Jack Tier eBook

This eBook from the Gutenberg Project consists of approximately 536 pages of information about Jack Tier.

“Don’t talk to me of your liquors and other dhrinks,” murmured Biddy in her sleep.  “It’s wather that is a blessed thing; and I wish I lived, the night and the day, by the swate pump that’s in our own yard, I do.”

“The woman has been talking in her sleep, in this fashion, most of the watch,” observed Jack, coolly, and perhaps a little contemptuously.  “But, Mr. Mulford, unless my eyes have cheated me, we are near that boat again.  The passage through the reef is close aboard us, here, on our larboard bow, as it might be, and the current has sucked us in it in a fashion to bring it in a sort of athwart-hawse direction to us.”

“If that boat, after all, should be sent by Providence to our relief!  How long is it since you saw it, Jack.”

“But a bit since, sir; or, for that matter, I think I see it now.  Look hereaway, sir, just where the dead-eyes of the fore-rigging would bear from us, if the craft stood upon her legs, as she ought to do.  If that isn’t a boat, it’s a rock out of water.”

Mulford gazed through the gloom of midnight, and saw, or fancied he saw, an object that might really be the boat.  It could not be very distant either; and his mind was instantly made up as to the course he would pursue.  Should it actually turn out to be that which he now so much hoped for, and its distance in the morning did not prove too great for human powers, he was resolved to swim for it at the hazard of his life.  In the meantime, or until light should return, there remained nothing to do but to exercise as much patience as could be summoned, and to confide in God, soliciting his powerful succour by secret prayer.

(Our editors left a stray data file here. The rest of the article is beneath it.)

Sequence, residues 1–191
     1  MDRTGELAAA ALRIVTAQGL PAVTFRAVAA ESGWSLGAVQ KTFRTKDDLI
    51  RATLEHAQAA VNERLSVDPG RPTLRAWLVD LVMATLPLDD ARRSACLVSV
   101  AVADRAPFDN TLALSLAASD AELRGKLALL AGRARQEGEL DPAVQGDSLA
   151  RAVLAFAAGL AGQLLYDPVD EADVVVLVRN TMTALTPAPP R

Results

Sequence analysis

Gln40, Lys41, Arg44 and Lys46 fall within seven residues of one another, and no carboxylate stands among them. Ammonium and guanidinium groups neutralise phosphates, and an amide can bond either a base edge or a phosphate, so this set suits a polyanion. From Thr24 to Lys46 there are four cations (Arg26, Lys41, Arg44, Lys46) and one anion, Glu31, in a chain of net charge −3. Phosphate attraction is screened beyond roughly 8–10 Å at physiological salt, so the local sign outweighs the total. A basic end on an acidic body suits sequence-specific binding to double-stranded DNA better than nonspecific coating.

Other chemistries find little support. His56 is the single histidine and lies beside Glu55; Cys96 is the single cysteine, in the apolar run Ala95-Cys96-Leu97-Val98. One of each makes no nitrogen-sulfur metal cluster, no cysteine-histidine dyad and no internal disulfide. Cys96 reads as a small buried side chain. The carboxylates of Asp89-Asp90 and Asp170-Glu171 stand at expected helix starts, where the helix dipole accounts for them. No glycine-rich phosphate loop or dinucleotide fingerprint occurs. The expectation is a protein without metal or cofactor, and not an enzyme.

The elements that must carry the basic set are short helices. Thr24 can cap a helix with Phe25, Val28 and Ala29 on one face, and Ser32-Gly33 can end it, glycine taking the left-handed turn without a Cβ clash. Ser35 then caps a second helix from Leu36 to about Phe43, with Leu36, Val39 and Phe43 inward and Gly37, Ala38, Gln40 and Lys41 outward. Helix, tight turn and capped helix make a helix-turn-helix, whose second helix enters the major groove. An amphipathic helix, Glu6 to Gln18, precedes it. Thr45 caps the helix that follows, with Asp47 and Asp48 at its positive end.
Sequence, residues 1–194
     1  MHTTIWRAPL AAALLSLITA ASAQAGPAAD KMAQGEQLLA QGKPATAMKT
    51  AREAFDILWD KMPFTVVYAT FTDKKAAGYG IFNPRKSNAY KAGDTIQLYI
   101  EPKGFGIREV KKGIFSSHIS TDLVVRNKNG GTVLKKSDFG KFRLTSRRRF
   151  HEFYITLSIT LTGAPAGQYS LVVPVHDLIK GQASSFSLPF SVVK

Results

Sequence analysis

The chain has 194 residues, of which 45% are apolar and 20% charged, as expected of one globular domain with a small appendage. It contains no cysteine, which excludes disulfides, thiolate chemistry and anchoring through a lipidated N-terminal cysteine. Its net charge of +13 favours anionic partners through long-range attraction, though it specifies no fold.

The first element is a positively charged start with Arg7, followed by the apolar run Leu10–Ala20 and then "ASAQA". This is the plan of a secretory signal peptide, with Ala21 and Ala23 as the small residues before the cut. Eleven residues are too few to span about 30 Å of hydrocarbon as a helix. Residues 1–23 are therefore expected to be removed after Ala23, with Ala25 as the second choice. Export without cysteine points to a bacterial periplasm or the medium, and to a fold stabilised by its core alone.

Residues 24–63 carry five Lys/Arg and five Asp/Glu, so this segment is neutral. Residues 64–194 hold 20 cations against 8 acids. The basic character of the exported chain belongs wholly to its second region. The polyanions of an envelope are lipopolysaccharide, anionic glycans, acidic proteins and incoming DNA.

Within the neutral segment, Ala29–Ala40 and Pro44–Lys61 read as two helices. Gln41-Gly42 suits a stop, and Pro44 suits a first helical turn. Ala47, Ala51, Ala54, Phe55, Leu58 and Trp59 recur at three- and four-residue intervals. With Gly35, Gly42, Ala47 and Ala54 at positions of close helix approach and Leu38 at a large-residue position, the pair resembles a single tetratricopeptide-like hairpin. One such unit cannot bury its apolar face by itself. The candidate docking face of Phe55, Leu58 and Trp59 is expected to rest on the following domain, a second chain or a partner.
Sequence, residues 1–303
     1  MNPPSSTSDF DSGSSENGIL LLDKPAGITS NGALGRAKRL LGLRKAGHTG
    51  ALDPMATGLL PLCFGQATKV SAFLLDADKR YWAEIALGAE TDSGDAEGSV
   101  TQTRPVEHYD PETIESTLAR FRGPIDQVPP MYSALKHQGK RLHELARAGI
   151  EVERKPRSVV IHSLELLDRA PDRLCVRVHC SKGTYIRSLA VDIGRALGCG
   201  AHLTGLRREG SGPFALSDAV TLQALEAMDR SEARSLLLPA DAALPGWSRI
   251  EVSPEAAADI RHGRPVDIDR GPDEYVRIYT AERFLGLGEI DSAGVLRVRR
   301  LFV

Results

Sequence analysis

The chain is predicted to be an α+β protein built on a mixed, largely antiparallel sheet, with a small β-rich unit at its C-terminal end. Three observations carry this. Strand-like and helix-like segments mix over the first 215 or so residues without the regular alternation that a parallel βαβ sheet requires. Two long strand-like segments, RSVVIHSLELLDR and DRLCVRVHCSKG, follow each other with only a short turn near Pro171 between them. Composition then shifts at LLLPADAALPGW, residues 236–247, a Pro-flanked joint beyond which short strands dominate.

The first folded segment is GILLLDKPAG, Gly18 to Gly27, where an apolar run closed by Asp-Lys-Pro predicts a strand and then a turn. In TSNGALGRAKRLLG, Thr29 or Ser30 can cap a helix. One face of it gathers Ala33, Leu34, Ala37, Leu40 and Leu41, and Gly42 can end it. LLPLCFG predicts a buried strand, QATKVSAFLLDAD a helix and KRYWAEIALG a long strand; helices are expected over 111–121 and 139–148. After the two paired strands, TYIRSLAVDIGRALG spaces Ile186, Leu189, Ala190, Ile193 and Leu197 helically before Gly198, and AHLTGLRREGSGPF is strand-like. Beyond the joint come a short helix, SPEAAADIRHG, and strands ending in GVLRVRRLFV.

Mulford was no sooner left alone, as it might be, by Tier’s seeking a place in which to take his rest, than he again examined the state of the wreck.  Little as he had hoped from its long-continued buoyancy, he found matters even worse than he apprehended they would be.  The hull had lost much air, and had consequently sunk in the water in an exact proportion to this loss.  The space that was actually above the water, was reduced to an area not more than six or seven feet in one direction, by some ten or twelve in the other.  This was reducing its extent, since the evening previous, by fully one-half; and there could be no doubt that the air was escaping, in consequence of the additional pressure, in a ratio that increased by a sort of arithmetical progression.  The young man knew that the whole wreck, under its peculiar circumstances, might sink entirely beneath the surface, and yet possess sufficient buoyancy to sustain those that were on it for a time longer, but this involved the terrible necessity of leaving the females partly submerged themselves.

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Jack Tier from Project Gutenberg. Public domain.
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